As much as I love online games, I'll concede that I hadn't visited THQ's (NASDAQ:THQI) until yesterday. That's when MarketWatch interviewed a Pacific Crest Securities analyst who was gushing about THQ's prospects in casual Web-based gaming. The analyst believes that in just two years, SlingDot can be generating the same kind of subscription-based revenue that Electronic Arts' (NASDAQ:ERTS) is producing at the moment.

Right. And my name is Lord Tetris.

No offense to SlingDot. It's got a slick interface, and it offers plenty of free games for those who don't want to sign up for a premium subscription of $4.95 a month or $29.95 a year. It's just no Pogo. Many of the games are similar and potentially addicting. SlingDot uses a dot-based point system, similar to Pogo's, to keep rewards-driven players online longer. But two years until it hits Pogo status? Don't hold your breath.

Even before EA acquired Pogo five years ago, it was a strong online brand, generating 800 million monthly ad views. SlingDot is starting from scratch. It's got a tongue-twister of a name -- sling dot dot com -- that some may confuse with the Sling Media's hot Slingbox gadget.

Similar names can be forgiven in the world of video games. Folks confuse video game retailer GameStop (NYSE:GME) with CNET's (NASDAQ:CNET) active gaming-enthusiast hub GameSpot all the time. Neither one seems to be any weaker for the brand-name similarity. This is a bit different, though, since SlingDot is entering a crowded market without the necessary distinction to stand out as anything more than a Pogo clone.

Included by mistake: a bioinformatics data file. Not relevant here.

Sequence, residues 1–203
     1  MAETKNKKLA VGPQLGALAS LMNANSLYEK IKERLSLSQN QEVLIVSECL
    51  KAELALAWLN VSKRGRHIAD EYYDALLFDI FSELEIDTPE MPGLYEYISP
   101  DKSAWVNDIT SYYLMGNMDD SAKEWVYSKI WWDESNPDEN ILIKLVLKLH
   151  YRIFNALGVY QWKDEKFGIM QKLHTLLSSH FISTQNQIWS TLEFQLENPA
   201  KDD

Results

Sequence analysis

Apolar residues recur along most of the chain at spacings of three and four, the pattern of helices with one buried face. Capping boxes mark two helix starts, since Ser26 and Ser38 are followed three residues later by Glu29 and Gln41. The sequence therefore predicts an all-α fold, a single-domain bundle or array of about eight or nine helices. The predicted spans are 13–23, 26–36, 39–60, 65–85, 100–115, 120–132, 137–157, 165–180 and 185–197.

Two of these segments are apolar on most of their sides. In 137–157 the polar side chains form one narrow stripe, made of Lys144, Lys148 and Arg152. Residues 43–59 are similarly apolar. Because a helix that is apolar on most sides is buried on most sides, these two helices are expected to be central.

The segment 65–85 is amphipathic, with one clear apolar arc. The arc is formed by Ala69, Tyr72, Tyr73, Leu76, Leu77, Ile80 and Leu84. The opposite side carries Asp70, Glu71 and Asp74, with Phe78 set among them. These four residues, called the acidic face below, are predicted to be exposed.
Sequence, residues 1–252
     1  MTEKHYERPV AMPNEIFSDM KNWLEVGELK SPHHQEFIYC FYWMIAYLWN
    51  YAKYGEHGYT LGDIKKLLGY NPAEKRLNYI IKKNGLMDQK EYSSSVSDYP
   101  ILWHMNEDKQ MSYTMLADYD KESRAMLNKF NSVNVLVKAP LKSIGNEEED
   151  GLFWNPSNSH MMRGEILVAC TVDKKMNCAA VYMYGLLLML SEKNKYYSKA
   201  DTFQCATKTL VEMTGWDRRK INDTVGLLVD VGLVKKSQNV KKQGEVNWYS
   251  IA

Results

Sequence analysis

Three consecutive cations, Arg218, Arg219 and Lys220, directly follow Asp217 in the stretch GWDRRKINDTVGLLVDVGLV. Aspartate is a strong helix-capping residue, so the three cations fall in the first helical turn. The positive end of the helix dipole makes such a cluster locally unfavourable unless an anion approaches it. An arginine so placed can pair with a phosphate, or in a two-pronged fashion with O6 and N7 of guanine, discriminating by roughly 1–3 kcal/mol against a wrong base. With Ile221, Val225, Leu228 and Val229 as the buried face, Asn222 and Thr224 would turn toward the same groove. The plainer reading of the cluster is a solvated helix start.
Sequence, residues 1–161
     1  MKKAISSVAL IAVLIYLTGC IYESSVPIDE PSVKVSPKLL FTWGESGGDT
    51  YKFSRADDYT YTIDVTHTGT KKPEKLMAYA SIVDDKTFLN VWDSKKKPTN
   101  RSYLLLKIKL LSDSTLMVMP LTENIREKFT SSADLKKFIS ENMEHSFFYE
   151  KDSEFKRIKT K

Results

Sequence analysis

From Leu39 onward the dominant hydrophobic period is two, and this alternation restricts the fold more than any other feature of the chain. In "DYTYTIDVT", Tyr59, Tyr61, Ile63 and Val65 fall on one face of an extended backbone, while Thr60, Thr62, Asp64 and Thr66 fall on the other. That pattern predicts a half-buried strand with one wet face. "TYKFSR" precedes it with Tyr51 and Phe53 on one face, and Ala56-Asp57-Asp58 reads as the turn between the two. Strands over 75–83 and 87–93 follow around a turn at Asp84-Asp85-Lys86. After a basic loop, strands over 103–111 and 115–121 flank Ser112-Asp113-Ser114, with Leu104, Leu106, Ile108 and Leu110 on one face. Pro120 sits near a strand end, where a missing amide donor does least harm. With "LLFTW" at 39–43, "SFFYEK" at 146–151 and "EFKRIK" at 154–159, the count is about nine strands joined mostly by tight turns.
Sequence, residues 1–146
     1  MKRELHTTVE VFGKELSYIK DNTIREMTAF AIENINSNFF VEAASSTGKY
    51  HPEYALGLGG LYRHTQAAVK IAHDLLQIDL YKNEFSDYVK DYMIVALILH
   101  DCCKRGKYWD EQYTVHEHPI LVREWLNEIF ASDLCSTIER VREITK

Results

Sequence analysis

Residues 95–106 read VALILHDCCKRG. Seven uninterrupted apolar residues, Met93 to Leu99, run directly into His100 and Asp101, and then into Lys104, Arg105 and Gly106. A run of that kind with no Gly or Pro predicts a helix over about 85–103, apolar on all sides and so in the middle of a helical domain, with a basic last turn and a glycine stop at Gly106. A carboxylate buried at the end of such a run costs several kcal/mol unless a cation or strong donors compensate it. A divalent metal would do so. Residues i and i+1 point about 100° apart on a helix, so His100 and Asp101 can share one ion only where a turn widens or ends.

This doesn't mean I don't like THQ. I think the company is doing some great things by making attractively priced games based on popular licensed characters. The company also bucked the trend over the holidays by not warning of weak sales the way larger houses like EA and Activision (NASDAQ:ATVI) did.

It's just that investors shouldn't put too much of an emphasis on THQ's move into casual online games. SlingDot has a long way to go-go before it's the next Pogo.

So sayeth Lord Tetris.

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Longtime Fool contributor Rick Munarriz is old enough to remember playing on an Atari 2600 before it became a relic. He does not own shares in any of the companies in this story. The Fool has a disclosure policy. Rick is also part of the Rule Breakers newsletter research team, seeking out tomorrow's ultimate growth stocks a day early.